“You find local talent, and you build on it,” Mr. Berger said.
‘Grow Your Own’
Albert Bryant, 21, graduated as the valedictorian of his 18-student high school class in Everton, Mo., population 322. This fall, he will be back in a high school classroom in Greenfield, Mo., population 1,358, for practice teaching.
“I really, really want to change the view people have of rural schools,” said Mr. Bryant. “They think of rural schools as having a stigma; they are smaller, they have bad teachers, and so on. But rural schools are not bad schools. They are different schools.”
Mr. Bryant, a rising senior at Drury University in Springfield, Mo., is one of 18 recruits in the new Ozarks Teacher Corps, which takes rural Missouri college students and prepares them to go back to their hometowns, or nearby, to fill school jobs.
The students, juniors and seniors, get $4,000-a-year scholarships and membership in the Rural School and Community Trust’s Schools Innovation Network, which provides support and resources for rural teachers. The students in turn must agree to teach in a rural school at least three years.
They prepare by serving as teacher interns in small schools and exploring rural education issues in classroom and community work.
The program is financed with a $1.7 million charitable donation. It’s the brainchild of the Rural Schools Partnership, an initiative by the Community Foundation of the Ozarks that focuses on strengthening public schools in that region.
John White, the deputy secretary for rural outreach for the U.S. Department of Education, said earlier this year that Washington will watch this new program as a model to help fill critical teacher shortages in rural communities across the country.
Mr. Bryant plans to teach high school math. A deciding factor for him: His high school’s lone math teacher was so poor, Mr. Bryant said, his classes drove away nearly all the students. Classmates came to Mr. Bryant for help.
He is realistic about what he will find in a small, rural high school classroom.
“I expect to have to inspire them to achieve,” he said of the students he’ll have. “I expect to have to overcome that stigma mentality.”
Yet teachers have a better chance of making a difference in a rural community, he said.
“It’s a smaller atmosphere, and people know each other,” Mr. Bryant said, “If you can get people involved, it can feed off itself and start to have a real impact.”
Mr. Berger, the superintendent in Conway, Mo., said that potential is a powerful draw for his teachers.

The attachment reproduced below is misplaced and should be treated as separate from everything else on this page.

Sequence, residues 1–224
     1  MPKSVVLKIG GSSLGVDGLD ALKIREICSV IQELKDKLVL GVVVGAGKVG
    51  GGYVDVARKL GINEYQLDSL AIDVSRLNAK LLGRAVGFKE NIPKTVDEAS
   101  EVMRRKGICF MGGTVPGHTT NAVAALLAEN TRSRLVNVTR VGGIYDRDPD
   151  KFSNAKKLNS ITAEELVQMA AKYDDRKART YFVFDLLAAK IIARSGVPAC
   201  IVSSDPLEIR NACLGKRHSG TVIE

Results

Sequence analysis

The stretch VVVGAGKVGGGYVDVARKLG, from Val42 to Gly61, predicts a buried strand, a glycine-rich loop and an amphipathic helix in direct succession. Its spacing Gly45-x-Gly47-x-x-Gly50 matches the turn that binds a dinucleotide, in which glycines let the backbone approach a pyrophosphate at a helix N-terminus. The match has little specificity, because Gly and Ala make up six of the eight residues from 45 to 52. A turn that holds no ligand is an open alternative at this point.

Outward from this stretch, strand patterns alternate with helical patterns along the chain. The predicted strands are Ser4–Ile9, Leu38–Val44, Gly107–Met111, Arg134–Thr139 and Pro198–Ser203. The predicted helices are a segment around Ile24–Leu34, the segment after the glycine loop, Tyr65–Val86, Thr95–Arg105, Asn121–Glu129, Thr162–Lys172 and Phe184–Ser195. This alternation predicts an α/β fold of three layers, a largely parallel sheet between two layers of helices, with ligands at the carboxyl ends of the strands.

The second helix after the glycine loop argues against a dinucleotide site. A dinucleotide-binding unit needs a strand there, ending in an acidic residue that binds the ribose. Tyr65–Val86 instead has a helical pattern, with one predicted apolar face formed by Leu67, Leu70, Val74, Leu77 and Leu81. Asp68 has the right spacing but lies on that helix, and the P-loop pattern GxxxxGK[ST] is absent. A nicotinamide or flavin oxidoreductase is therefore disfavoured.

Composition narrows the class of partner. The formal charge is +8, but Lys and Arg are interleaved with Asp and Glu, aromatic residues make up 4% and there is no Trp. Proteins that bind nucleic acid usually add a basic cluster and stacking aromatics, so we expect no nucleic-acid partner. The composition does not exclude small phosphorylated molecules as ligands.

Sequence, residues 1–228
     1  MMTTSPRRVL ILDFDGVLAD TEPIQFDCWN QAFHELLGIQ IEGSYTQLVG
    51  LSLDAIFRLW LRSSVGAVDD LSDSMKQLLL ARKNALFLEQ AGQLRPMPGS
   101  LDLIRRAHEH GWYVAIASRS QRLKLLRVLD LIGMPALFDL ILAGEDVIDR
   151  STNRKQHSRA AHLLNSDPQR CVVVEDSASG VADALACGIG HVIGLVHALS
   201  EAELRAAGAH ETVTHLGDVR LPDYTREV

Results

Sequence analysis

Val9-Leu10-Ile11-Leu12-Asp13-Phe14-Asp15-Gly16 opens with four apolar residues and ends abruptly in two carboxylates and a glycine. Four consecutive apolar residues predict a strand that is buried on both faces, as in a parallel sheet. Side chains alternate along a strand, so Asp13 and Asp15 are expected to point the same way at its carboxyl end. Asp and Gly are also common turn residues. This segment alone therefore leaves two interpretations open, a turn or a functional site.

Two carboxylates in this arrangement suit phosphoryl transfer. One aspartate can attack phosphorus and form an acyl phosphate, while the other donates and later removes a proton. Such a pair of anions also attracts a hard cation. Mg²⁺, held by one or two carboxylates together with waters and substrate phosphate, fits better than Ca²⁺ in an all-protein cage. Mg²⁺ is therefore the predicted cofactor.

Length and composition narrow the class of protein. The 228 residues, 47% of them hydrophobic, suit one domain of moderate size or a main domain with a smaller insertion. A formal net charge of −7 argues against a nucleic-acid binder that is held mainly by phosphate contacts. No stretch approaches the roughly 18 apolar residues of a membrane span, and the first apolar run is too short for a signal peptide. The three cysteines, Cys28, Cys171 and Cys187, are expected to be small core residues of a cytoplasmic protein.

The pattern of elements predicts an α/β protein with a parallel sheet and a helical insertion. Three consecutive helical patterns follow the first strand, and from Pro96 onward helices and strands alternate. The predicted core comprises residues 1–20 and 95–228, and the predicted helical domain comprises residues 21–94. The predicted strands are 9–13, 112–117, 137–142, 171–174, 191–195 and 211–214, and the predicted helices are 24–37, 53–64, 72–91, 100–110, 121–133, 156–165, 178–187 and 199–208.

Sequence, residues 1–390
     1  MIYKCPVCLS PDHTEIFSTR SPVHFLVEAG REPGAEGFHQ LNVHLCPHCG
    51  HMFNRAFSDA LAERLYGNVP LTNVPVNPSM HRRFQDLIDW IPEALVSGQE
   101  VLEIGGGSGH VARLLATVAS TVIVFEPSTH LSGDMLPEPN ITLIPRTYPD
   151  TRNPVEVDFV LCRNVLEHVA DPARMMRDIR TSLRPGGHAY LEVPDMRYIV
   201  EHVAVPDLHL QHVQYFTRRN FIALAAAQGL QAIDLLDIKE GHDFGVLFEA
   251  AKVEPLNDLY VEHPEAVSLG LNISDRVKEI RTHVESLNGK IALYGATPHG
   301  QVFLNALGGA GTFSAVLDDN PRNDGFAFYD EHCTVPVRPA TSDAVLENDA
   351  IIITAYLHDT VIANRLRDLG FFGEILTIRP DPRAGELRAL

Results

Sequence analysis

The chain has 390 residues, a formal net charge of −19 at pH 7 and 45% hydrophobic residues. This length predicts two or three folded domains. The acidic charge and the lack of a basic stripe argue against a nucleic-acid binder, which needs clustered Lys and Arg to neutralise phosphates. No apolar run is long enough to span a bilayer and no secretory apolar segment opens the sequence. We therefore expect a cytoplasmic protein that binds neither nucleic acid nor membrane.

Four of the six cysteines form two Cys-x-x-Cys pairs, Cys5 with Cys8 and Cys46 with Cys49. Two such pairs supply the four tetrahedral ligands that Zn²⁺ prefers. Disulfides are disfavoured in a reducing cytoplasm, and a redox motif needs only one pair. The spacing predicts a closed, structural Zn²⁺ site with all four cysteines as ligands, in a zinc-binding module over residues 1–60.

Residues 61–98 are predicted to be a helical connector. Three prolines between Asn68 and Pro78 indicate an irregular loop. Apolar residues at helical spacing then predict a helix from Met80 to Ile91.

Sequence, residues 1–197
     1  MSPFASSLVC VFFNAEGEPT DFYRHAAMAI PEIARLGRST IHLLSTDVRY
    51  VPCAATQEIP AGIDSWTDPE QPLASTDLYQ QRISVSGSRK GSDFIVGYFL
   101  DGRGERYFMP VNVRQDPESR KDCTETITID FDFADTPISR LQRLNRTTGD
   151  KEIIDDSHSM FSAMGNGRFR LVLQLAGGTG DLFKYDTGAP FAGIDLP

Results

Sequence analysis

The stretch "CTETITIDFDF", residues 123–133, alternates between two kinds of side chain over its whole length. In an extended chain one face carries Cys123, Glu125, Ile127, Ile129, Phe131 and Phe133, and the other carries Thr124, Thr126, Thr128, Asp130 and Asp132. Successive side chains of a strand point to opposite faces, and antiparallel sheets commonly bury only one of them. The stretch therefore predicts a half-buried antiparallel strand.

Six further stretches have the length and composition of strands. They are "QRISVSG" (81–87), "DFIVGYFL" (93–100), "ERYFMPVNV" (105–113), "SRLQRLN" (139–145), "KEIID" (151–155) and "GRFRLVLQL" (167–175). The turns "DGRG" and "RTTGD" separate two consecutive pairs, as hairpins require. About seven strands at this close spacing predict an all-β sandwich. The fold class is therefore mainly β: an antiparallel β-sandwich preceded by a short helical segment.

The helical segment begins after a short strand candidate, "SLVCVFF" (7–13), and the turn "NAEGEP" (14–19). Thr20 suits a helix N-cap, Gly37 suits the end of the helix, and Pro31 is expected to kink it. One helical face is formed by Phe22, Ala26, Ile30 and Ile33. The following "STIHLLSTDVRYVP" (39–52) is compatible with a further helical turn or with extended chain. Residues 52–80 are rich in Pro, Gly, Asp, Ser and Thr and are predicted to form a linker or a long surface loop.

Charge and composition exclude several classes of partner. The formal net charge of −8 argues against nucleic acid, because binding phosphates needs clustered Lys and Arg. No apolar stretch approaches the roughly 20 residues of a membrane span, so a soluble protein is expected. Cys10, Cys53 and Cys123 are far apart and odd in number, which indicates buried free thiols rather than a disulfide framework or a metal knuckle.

“You’re going to know every teacher in the building. You will know every student on a first-name basis, and their parents and their brothers and their sisters,” he said.
Jessica Joiner, 28, of Lebanon, Mo., also joined the Ozarks Teacher Corps. She will graduate from Drury next May with plans to teach elementary education. She grew up in tiny Owensville, Mo.
“It had a gas station,” she said.
Deciding to teach in a rural community was an easy choice.
“I want to make a difference where someone made a difference for me,” she said.
She expects her biggest challenge to be the impact poverty has had on students.
“If you grew up in poverty and were not taught to strive, you have to see something different,” she said. “Part of a teacher’s role in rural communities is to impart that striving to students.”
Ms. Joiner said rural communities have strengths that help compensate for the challenges of lower pay and fewer living amenities.
“That rural community—I’ve seen it a thousand times—they’re going to back you when you triumph, and they’re going to back you when you don’t,” she said. “That’s worth a lot.”
Both aspiring teachers said the resources and experience a program such as the Ozarks Teacher Corps provides could make the difference between success and failure for new educators in a challenging rural environment.
“By the time you start [teaching], you have a built-in support group with other teachers and access to resources such as webinars,” Mr. Bryant said.
Sense of Place
Gary Funk, the president of the corps, said the project’s promise grows out of its focus on place-based education, which engages students and school staff members in solving community problems.